Indian space agency, Indian Space Research Organisation (ISRO), has always been a boon in disguise for tech startups in the country. From having 17 million gigabytes of precious geo-spatial data to opening up its indigenous technology of lithium-ion batteries to local startups, ISRO now no longer an introvert government agency as it used to be. It now poses a great opportunities for companies especially startup ventures to make use of space agency’s offerings, which not just have business value attached to it but also carry one or more social value proposition.
In a latest from ISRO, the state-run space agency and its commercial wing, Antrix Corporation, have just announced that they are willing to outsource manufacturing of Polar Satellite Launch Vehicle (PSLV) and the Small Satellite Launch Vehicle (SSLV) so that ISRO could focus on its most ambitious human space programme called Gaganyaan.
In an interview to news agency IANS, Rakesh Sasibhushan, who is Antrix Chairman & Managing Director, said, “There is big money to make in the space business for Indian corporates. We do not mind whether it is Tatas, Birlas, Ambanis or someone else, as there is no dearth of big corporates in India to invest in the space industry.”
A week ago, ISRO also held discussions with a consortium of industries regarding PSLV industrialization with the objective of easing ISRO to focus on Gaganyaan programme and its research & development activities. Big business houses such as Hindustan Aeronautics Limited (HAL), Larsen & Tubro and Godrej were among those who took part in the discussions.
According to Sasibhushan, Indian space business has driven solely by the ISRO as India Inc was not looking at space as a business because it does not possess much business or money generating propositions. But now everything is poised to change as ISRO’s commercial arm is all set to open up its space-based business activities for private players. Moreover, the scientific milestones achieved by ISRO have also created an atmosphere of excitement in Indian industry, especially the aerospace companies domain, who is willing to expand their business in Space segment due to the fairly large commonalities in these two areas.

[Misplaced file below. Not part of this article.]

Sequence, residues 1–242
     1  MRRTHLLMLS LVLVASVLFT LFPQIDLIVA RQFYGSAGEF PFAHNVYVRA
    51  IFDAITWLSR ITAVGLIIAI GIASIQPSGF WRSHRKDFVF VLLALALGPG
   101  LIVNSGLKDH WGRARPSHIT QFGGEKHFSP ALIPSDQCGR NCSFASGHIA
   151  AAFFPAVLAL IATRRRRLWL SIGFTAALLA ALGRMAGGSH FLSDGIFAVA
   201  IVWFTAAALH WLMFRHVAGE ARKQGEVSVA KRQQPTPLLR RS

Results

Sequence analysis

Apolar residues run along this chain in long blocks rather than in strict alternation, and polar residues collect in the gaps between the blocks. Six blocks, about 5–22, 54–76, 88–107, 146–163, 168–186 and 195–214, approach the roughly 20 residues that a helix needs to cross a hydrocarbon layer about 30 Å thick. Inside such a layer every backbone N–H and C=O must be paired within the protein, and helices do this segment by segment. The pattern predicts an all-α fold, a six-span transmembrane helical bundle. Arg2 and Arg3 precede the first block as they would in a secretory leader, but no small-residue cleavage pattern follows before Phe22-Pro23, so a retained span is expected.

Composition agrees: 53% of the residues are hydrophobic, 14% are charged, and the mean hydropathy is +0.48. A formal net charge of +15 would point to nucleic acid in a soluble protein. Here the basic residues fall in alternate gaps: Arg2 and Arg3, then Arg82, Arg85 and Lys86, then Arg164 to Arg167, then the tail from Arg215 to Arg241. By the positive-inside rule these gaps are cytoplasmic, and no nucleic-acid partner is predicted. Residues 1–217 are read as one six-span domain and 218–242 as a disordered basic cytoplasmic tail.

“As ISRO’s programmes (launches and satellites) are primarily meant for societal and the country’s needs in the civilian and defence sectors, the spare capacity is small for commercial needs. We hope the private industry will come forward to drive the commercial space and grow the business.” said Sasibhushan.
The small satellite service was a US$18 billion market growing at 2-3 per cent annually and ISRO is looking at 50-60 launch vehicles per year, said Sasibhushan, adding that ISRO, through Atrix, is looking at a revenue of around Rs 1,500 crore to Rs 2,000 crore per year.
Just two months back, ISR signed a deal with Bangalore-based startup Alpha Design and a consortium of six small and medium-sized enterprises, which will assemble, integrate and test ISRO’s independent regional navigation satellites aka IRNSS satellites.
Last year, ISRO reached a significant milestone with 158 missions including 62 launch vehicles and 90 satellites.
According to a recently released report, the Space industry is valued at whopping $360 billion in 2018 and projected to grow at a CAGR of 5.6% to value $558 billion by 2026.
Demand for nano-satellites and re-usable launch vehicle systems is anticipated to be driven by the massive investment made by countries like US, China, Russia and the European Union in the development of next generation satellite systems and the large scale procurement of such systems by countries like Saudi Arabia, India, Japan and South Korea. The United States is the largest spender in the domain with China, European Union, India, Russia, Japan and South Korea anticipated accounting for the bulk of spending.
News sourced from Economic Times.
[Top Image – Aventure.ac.in]